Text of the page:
With the current Covid-19 pandemic, the disruption to public places and workspaces is clearly an event that will punctuate the status quo. It appears ready to usher in a new wave of fintech infrastructure. While financial technology infrastructure has been a growing feature of the marketplace over the past 20 years, it has proliferated largely as add-ons to existing processes. New applications and services have been layered over old bones without overhauling or replacing underlying systems.
However, given the onset of new social distancing measures and work from home policies, we are all interacting in different ways. We are seeing a forced shift to digital communications, in ways of working, commerce, account management, and more, and this has rapidly changed how people wish and expect to interact with their banks and credit card companies, as well as how they want to pay for products. In a recent Broadridge BR survey, 60 percent of financial services executives said they will enhance multi-channel client communications as a result of the pandemic. While digital adoption was an option before, it is now an absolute necessity demanding a new level of commitment.
Furthermore, financial services firms will have to reassess their technology infrastructure as part of a long-term assessment of underlying workplace processes and examine how they can be adapted for the new era. Resilience, scalability, and redundancy are all the more important in light of the Covid-19 crisis. Financial technology firms will need to ensure that middle- and back-office technologies can efficiently and reliably support the transformative changes being made to the more visible application layers. Unlike conditions at the end of the 2008 global financial crisis, current financial services firms tend to be financially stronger, making them well positioned to become leaders in the new post-pandemic environment.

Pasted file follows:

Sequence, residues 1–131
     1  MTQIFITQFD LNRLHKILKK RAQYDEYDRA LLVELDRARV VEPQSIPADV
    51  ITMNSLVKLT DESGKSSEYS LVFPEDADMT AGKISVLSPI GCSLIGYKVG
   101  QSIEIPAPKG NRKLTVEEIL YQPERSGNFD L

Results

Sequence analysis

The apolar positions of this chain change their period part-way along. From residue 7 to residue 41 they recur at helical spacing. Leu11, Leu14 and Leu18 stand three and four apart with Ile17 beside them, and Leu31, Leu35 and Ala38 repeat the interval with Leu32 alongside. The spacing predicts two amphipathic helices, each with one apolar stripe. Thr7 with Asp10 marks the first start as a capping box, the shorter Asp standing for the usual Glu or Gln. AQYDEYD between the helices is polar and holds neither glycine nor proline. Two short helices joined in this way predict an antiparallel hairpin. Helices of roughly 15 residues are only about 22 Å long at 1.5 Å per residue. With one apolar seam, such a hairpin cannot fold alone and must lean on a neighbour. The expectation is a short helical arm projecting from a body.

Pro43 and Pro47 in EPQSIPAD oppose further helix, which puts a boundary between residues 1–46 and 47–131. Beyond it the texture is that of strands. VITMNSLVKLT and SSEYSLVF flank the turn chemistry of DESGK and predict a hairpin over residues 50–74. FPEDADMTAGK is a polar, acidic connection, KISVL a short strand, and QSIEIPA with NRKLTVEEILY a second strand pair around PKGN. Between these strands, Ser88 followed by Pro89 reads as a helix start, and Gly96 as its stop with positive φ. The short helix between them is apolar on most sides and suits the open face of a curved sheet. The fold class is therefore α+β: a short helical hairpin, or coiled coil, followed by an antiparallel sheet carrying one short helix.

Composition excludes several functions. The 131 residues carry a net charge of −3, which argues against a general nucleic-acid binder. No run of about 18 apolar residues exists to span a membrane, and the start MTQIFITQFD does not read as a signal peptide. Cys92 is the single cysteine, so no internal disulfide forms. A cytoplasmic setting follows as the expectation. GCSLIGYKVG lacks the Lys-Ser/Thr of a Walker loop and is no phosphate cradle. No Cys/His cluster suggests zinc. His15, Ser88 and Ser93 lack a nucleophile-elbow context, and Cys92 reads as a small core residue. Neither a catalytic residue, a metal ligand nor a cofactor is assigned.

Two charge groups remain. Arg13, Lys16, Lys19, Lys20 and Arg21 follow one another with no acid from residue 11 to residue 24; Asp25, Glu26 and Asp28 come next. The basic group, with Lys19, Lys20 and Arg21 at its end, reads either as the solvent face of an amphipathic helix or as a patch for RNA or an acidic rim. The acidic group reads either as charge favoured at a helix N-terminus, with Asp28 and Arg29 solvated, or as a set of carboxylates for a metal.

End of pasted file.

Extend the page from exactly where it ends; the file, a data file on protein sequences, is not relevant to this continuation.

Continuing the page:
Some areas within financial technology infrastructure are particularly ripe for development. The combined stresses of financial and physical health have intensified consumer behavior, resulting in increased transactional activity and on-demand access to information across all their accounts. These capabilities tend to be dependent on core back-office infrastructure and require a shift in methodology from batch processing to servicing requests in real-time as well as the ability to consolidate data from multiple sources. A push for this kind of instantaneous, current information is spurring the evolution from batch-oriented processing toward real-time access and increasing use of APIs.
The cloud also presents an important opportunity to leverage technology. It allows mutual access to infrastructure and underlying services upon which financial services firms rely, leading to more reliable, higher-quality services. It makes it possible to scale processing power on demand. Furthermore, it improves the resiliency of business continuity plans by providing the reassurance of greater accessibility, even when on-premises servers may have been disrupted.
As the pandemic response leads to greater adoption of digital processes, these activities will generate an increasing amount of data. Financial institutions will need to adapt to how they respond proactively to customers leveraging this data and deriving new models of interaction. They can do this by using artificial intelligence to develop increasingly intelligent and customized automated responses to customer requests, as an example. Additionally, robotic process automation can increase the scalability and reduce the error rates of middle- and back-office activities that were once manual.
In Japanese, the word “crisis” is composed of two symbols – one signifying danger, the second opportunity. The frequent association of the two ideas may stem from the cycle of life and the fact that every ending is followed by a new beginning. Just seven months into this global pandemic, it is still the beginning of a new paradigm. Fintechs and institutions would be wise to follow the wisdom of America’s first billionaire, John D. Rockefeller: “I always tried to turn every disaster into an opportunity.”
While some financial services companies may struggle to make the transition, those able to quickly adapt to the new normal and dive into the opportunities will go through a process of punctuated equilibrium, emerging stronger after the pandemic wanes.
This article was written by Michael Tae from Forbes and was legally licensed through the Industry Dive publisher network. Please direct all licensing questions to [email protected]